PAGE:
The CBC radio show Q ran an interview a while back with a woman who claimed that we stay stuck in the same roles that we had in high school. Adolescence was liquid cement, and by the time you leave it, you’re firmly shaped and set by those experiences and can’t escape them. Who we were in high school is who we are forever. You can’t get over high school, because high school is you.
It’s true that the teenage years have a looming cultural presence in North America in television and film. Our culture celebrates youth. We’ve even dedicated a whole section of the bookstore to novels aimed at teenagers–something that didn’t exist when I was that age.
Still, the thought of this absolutely terrifies me. One, because my high school experience was mostly unpleasant and mostly forgotten. Two, because when I think back, I’m not very proud of the person I was.
The end tail of high school pretty much encapsulates what I’m trying to say. It’s supposed to be a big moment, important, even. Graduation and prom are a “big deal.” I went to FH Collins Secondary in Whitehorse, Yukon, so it was a little harder to think of it that way until the date started nearing and the graduation committee really got rolling with planning, fundraisers, even a fashion show. It was hyped up even though a school budget, and school administrators, couldn’t really deliver on that hype. We had a pretty frantic vote on our graduation song with all sorts of campaigning…a song that was never ultimately used. We had a vote on theme with pictures of what decorations would look like that were woefully misleading. I’ll get to that.
Let it be known that I thoroughly enjoyed my cap and gown ceremony. That part I liked.
Then the prom came.
The first problem, of course, was that I ended up asking seven girls to be my prom date and they all said no. That was the first warning that I shouldn’t have gone. I did have someone who asked me to be the first dance partner, but her actual prom date was a much older boyfriend, so I didn’t really get to dance that night even though I kind of liked dancing.
The really strange part was finding out what the decor for the convention hall actually looked like. See, we voted for an Egyptian theme (well…I don’t remember what I voted for, but it probably wasn’t “Under the Sea”). The prom tickets had hieroglyphs. But the actual hall decorations consisted of this:
A large curtain with King Tut printed on it hanging on one wall.
That was it.
For some reason, students hadn’t been allowed to decorate. The committee hired someone to do that. To put up a curtain.
Then there was the dinner, catered by the staff from the hospital cafeteria. It tasted…like that. Like hospital food. The Yorkshire pudding actually made me feel a little sick.
I spent the rest of the night with my SLR camera dutifully trying to document other people’s happiness while I myself just really, really wanted a drink (One of the disadvantages of being Polish is starting on vodka young).
The other activities of the night likewise did not lift an intense sense of detachment. Hearing other teen boys boasting, “Tonight’s the night I get laid!” and watching other people make out and the constant feeling that I would rather be someplace anywhere but there.
I don’t know why this memory sticks, or why it’s one of the few stories I tell about high school. No one poured pig’s blood on my head or tried to humiliate me in any way. By then, things on the social ladder had mellowed out, or I’d simply ignored it to the point where other students just accepted I was there. I guess there was a final sense of “good riddance” a closing disappointment, a final denial of pop culture’s idea of what high school was. I didn’t have the bright, intense, first experience you’re supposed to have then. I did go through intermittent periods of misery far deeper than the simple detached melancholy of prom. There was one semester of the ninth grade where every morning I’d feel my stomach curl from the anxiety of going to school and facing the group of people who’d singled me out for abuse because…well, who knows.*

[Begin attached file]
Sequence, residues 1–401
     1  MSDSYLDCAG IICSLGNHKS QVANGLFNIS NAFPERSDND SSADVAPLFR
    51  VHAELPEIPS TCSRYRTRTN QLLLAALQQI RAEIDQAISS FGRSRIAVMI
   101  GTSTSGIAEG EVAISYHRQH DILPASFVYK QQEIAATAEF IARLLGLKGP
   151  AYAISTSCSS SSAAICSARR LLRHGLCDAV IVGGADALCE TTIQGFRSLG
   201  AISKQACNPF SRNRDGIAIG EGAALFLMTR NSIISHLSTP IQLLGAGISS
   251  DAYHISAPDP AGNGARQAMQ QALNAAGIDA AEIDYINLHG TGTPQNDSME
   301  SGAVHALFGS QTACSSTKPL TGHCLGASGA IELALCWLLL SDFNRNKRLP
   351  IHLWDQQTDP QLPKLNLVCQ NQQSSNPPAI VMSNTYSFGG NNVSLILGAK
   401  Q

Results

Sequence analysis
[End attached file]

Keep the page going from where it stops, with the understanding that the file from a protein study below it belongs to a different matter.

Eight years have gone by since graduation. Nothing I did in high school mattered after that, it seemed. And I was so so very glad that it didn’t. Then the woman came on Q to say yes, all of that stuff did, and everything came flooding back.
Please tell me I’m not…that.
A kind of bitterness that took me till now to write about. This article is one way to put it to rest. I don’t want to make it seem like adolescence was that terrible; it wasn’t. Worse things have happened since, and better things. But they’re experiences that I’m at least proud to take and internalize, call my own, learn from, and use. There wasn’t much from high school that bears the same weight. It was just another part of growing up, just another jumble of memories only as important as you make them. That’s a comforting thought.
*The person who headed all this verbal abuse tried to friend me on Facebook in my first year of university, over and over again until I blocked him. I guess I could have found out why, but I’m not sure there actually was a reason. In my reading of YA novels I’ve noticed most representations of bullying are artificial, trying to give a positive message that doesn’t capture the true toxicity and arbitrariness of the act, or that you’ll encounter the same behaviour in adult life too. The only time I’ve seen it done right was in Charles de Lint’s The Blue Girl.